Next up was the Beverly D: this is a race for fillies and mares (AKA female horses) slated to go for 1 3/16 miles, once again on the turf. I have a soft spot for these types of races; it may be because fillies and mares who run on the grass tend to stick around the races for a few years and are really tough and try so hard. Whatever the reason, I do love these racemares and I was super excited for the Beverly D.

Once again this race came up as a really competitive contest with nine horses from around the world ready to duke it out for $750,000 in prize money. Marketing Mix, a mare who has found lots of success on the track throughout her career, was the favorite but I had concerns about some of the European horses who came to try to spoil our American fun. Of course, in horse racing there’s only one way to find out who’s the best: to run the race! So off they went in the Beverly D.


Here they are rounding the final turn into the home stretch:


And the finish! Favored Marketing Mix had indeed been vanquished by a British invader named Dank.


Along with her chunk of the $750,000 prize money, Dank earned herself this very snappy blanket along with a rewarding drink of water with her victory.


And then! And then and then and then! It was Million time. The celebration kicked off with famed Chicago Blackhawks full-time National Anthem singer Jim Cornelison performing a beautiful rendition of the Star Spangled Banner while attended by a Marines color guard.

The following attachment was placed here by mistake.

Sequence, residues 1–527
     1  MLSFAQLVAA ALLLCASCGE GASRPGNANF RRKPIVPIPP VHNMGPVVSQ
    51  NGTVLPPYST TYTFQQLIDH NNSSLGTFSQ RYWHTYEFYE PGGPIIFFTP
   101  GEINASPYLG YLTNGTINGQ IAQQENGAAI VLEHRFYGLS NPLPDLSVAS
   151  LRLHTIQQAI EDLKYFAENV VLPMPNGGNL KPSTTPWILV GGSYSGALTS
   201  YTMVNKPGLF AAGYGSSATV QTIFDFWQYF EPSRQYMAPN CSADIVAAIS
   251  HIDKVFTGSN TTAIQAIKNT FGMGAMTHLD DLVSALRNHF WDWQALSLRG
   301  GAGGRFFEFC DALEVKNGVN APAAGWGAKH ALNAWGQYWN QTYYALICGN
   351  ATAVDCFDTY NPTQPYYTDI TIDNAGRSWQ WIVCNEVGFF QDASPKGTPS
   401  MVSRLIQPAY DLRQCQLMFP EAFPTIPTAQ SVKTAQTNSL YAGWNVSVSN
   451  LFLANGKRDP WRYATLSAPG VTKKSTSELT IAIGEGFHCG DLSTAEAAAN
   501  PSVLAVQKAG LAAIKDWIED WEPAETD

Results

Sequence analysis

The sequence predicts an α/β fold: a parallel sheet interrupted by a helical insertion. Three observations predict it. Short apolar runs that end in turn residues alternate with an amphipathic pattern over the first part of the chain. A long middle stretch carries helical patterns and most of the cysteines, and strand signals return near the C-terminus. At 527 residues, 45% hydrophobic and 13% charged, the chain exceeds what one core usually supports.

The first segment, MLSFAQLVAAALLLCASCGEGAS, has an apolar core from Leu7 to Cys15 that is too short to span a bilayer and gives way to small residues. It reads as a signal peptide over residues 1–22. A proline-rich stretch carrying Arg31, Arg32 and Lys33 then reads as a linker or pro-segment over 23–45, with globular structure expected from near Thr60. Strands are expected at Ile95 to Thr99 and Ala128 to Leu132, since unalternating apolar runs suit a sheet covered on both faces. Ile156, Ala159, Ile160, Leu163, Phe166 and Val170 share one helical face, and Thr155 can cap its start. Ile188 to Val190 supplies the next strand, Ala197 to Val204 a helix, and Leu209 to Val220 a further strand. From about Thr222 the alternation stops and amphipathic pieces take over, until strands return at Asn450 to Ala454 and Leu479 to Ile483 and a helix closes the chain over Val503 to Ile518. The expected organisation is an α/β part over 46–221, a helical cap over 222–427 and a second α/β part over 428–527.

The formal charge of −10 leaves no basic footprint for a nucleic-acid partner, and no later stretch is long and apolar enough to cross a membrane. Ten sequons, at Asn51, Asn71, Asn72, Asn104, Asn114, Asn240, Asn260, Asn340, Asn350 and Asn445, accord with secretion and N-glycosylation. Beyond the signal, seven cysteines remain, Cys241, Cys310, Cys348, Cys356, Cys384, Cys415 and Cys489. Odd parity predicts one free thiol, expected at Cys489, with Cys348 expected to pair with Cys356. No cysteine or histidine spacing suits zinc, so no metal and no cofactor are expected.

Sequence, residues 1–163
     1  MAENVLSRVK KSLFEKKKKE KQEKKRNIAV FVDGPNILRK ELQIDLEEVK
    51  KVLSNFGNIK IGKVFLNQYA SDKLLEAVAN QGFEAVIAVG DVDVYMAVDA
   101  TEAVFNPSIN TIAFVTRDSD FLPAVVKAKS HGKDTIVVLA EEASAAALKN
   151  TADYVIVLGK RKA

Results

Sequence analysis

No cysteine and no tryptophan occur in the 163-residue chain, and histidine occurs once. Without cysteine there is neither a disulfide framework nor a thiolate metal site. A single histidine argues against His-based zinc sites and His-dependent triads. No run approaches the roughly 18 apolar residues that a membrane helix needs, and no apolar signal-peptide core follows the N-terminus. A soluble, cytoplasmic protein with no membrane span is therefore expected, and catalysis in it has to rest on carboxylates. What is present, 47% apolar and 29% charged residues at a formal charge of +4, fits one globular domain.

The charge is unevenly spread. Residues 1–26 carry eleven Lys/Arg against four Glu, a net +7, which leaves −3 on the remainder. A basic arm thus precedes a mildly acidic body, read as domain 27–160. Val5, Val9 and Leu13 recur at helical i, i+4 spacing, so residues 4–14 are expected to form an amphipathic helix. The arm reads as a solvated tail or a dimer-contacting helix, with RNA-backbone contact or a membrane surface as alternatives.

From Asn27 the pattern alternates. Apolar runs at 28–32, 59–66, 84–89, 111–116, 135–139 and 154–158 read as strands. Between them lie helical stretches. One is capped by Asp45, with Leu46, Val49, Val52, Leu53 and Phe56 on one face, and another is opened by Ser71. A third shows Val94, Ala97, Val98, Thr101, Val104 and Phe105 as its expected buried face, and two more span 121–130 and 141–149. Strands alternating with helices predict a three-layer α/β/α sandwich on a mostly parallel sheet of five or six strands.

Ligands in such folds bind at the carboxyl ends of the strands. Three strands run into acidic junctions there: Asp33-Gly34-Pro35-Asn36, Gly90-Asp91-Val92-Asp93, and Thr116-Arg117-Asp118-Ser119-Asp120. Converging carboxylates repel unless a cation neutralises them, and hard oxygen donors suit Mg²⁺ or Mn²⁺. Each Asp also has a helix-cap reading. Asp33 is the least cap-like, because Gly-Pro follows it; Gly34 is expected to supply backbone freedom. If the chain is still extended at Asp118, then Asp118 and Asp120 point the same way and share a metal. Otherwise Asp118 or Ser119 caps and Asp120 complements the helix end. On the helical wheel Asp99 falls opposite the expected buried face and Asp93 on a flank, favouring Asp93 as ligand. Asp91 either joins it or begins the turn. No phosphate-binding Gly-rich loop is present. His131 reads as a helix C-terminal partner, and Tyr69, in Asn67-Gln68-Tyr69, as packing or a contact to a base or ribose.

I then headed down to the paddock to see the Million’s contenders. However, before I could get a look at the horses, I saw a very familiar face: Mike Ditka! OK, aside from horse racing (obviously!) football is my absolutely favorite sport. So I kinda sorta dorked out in a big way when I saw Da Coach. As in I just stood in front of him taking 1,000 pictures with my mouth open like a creep. Fortunately, he thought this was really funny and started laughing at me.


…Which meant that, to totally cement my position as a tool, it was time for me to whip out the cell phone so I could immediately tweet a photo. This somehow earned me a thumbs-up. I guess the guy admires perseverance?


So I got that photo and then actual said – out loud, mind you – to Da Coach, “Thanks, Mike Ditka!” Not “Thank you, Mr. Ditka” or anything like that. No, I said his full name. Let’s face it, I may not be the best with celebrities. Remember my horrifying Ashley Judd story?

Anyway, seeing celebs is always awesome but I also got to visit with someone very special to me: my friend Eve.  She’s the daughter of trainer Tony Granitz and I’ve known her since she was a tyke since Tony trained horses at Tampa Bay Downs when I worked there. I haven’t hung out with Eve since last March at the Tampa Bay Derby, so it was fantastic to see her! Also, how stylish is her hat? I wish I could pull off aqua like that.


The horses looked spectacular as well. When you’re competing in a million dollar race, you put on your party clothes, and each and every competitor was dressed to impress. Manes were braided, coats gleamed and tails shone in the afternoon light.